13 May 2022
Investigating the Impact of COVID-19 on Cognition
Children of the 90s collaborates with researchers at Cambridge Cognition to investigate the cognitive impacts of COVID-19.
The Children of the 90s health study has collaborated with researchers at Cambridge Cognition, a technology company developing digital health products to assess brain health, to investigate the long-term impacts of COVID-19 on cognition. Children of the 90s, also known as the Avon Longitudinal Study of Parents and Children (ALSPAC), has approximately 28,000 participants from across three generations of Bristol families, and has recently celebrated its 30th year. The health and biological data collection is extensive, spanning both multiple years and generations. Now, in the COVID-19 era, its collaboration with Cambridge Cognition will investigate the impact of the pandemic on cognition by providing participants with a platform to undertake digital cognitive assessments and electronic questionnaires and scales.
Around one in five people report cognitive symptoms lasting at least three months after a COVID-19 infection1, making it one of the most troubling long-term risks of contracting the virus. These symptoms are particularly impacting the working-age population: in one study, 86% of people with “long COVID” reported struggling with work because of ongoing cognitive problems2. However, to improve outcomes for affected individuals, further research is required to accurately characterise cognition in COVID-19 recovery.
The Children of the 90s study will play a pivotal role in improving our understanding of how the pandemic has affected cognition, due to its unique dataset characterising cohort members’ data for 30 years prior to COVID-19. A new wave of cognitive data collection with Cambridge Cognition’s gold-standard cognitive assessments, CANTABTM, launched in April 2022. This, combined with the health study’s careful collection of COVID-19 symptom data throughout the pandemic, will provide a unique insight into how cognition has been affected by COVID-19. The public can find out more about the study’s COVID-19 work via their website: www.bristol.ac.uk/alspac/covid-19.
By reliably measuring cognitive function in the recovery phase of COVID-19, the study will be able to offer an accurate characterisation of cognitive change with a view to standardising how post-COVID-19 cognitive symptoms are measured and encouraging further research into their causes and possible treatments.
Marcus Munafo, Professor of Biological Psychology at the University of Bristol, said:
“The pandemic has been a graphic illustration of just how important population-based research is. Due to the unique nature of Children of the 90s – the depth of data and the amount of time that it has been running – our collaboration with Cambridge Cognition will help us to understand the impact of long COVID on not just our physical health but cognitive function too. As with all we do, it’s thanks to our wonderful participants that we are able to generate this data that is key to our understanding of the last two years.”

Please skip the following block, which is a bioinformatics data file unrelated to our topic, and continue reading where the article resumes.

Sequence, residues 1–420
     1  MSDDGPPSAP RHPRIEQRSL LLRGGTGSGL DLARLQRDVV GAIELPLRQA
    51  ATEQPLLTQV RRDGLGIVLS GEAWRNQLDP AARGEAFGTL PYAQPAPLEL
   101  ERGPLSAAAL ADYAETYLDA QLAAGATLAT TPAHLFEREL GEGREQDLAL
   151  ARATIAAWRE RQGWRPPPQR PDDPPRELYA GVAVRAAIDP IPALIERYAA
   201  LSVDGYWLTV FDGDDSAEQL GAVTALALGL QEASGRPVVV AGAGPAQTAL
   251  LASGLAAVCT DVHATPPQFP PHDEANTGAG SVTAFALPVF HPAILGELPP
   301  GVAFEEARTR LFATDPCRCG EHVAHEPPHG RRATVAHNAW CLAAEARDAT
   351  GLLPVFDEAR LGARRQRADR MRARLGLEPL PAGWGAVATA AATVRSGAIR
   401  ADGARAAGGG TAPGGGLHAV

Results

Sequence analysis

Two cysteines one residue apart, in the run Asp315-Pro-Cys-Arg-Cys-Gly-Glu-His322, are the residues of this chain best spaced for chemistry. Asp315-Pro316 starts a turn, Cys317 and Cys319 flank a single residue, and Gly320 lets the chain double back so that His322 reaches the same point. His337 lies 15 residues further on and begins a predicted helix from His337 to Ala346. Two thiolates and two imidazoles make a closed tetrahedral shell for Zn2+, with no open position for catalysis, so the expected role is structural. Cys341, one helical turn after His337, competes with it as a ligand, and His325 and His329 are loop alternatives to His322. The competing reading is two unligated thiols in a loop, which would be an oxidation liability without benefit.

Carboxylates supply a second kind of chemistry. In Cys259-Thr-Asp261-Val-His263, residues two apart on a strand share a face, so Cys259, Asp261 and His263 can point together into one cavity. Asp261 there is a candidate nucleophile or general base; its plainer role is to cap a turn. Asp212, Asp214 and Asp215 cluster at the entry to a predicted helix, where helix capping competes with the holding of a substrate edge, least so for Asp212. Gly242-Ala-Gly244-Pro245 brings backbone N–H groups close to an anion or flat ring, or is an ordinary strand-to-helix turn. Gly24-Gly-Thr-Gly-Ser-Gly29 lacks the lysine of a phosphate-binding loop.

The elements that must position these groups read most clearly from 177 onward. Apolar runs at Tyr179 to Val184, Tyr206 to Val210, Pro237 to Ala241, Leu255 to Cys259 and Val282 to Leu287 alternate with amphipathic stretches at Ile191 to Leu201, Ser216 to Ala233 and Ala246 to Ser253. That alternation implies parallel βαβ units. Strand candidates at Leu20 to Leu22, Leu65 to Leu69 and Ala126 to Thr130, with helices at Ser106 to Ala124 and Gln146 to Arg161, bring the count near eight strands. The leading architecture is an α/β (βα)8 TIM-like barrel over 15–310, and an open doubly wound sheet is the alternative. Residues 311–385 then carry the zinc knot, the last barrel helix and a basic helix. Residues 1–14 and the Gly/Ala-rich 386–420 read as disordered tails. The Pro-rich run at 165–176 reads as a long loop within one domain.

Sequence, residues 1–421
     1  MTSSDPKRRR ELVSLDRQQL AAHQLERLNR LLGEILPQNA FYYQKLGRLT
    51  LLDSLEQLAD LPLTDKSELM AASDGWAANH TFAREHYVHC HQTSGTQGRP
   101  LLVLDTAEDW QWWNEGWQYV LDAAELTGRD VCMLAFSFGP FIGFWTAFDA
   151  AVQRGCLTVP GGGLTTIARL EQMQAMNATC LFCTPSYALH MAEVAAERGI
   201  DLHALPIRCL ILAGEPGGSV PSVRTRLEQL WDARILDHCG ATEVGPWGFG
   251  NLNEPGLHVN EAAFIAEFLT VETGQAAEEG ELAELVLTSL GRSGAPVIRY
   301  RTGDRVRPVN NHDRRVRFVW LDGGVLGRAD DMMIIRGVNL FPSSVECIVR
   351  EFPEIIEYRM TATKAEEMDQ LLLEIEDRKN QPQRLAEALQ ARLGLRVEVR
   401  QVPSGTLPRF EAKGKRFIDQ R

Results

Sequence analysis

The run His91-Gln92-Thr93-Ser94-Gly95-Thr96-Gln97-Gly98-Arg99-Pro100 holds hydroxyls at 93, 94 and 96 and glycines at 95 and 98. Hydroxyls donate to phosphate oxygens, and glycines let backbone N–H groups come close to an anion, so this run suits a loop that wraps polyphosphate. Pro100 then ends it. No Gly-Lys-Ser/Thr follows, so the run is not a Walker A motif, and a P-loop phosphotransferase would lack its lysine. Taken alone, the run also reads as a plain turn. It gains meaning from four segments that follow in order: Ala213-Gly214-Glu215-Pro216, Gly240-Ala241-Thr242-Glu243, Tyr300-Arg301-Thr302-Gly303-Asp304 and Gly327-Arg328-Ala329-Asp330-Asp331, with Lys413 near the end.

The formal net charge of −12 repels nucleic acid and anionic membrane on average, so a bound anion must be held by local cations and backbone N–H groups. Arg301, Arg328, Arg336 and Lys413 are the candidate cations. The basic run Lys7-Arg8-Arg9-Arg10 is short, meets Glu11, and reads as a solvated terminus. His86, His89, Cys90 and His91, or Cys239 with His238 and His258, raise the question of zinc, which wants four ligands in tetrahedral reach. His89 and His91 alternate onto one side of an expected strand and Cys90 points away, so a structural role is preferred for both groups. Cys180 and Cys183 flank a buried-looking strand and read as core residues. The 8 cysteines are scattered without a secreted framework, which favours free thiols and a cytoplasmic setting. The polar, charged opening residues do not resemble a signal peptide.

Matthew Stork, Chief Executive Officer for Cambridge Cognition, said:
“Characterising the long-term cognitive impacts of COVID-19 infection is the first step in developing effective treatments for this prevalent symptom. We are pleased to be contributing to this important research by partnering with the Children of the 90s study to deploy our web-based assessments for the efficient and objective measurement of function at scale.”
Jenny Barnett, Scientific Adviser for Cambridge Cognition, said:
“Because of the extraordinary longitudinal data available in the Children of the 90s cohort, there is a unique opportunity to characterise what effect the pandemic, and particularly COVID-19 infection, has had on people’s cognitive function. We are delighted to support this special study and look forward to learning a lot from it. We hope that studies like this will demonstrate how important and tractable cognitive assessments are with this population and encourage new research into possible interventions for people living with COVID-19 associated cognitive impairment.”
About Children of the 90s
Based at the University of Bristol, Children of the 90s, also known as the Avon Longitudinal Study of Parents and Children (ALSPAC), is a long-term health research project that enrolled more than 14,000 pregnant women in 1991 and 1992. It has been following the health and development of the parents, their children and now their grandchildren in detail ever since. It receives core funding from the Medical Research Council, the Welcome Trust and the University of Bristol.
For further information visit childrenofthe90s.ac.uk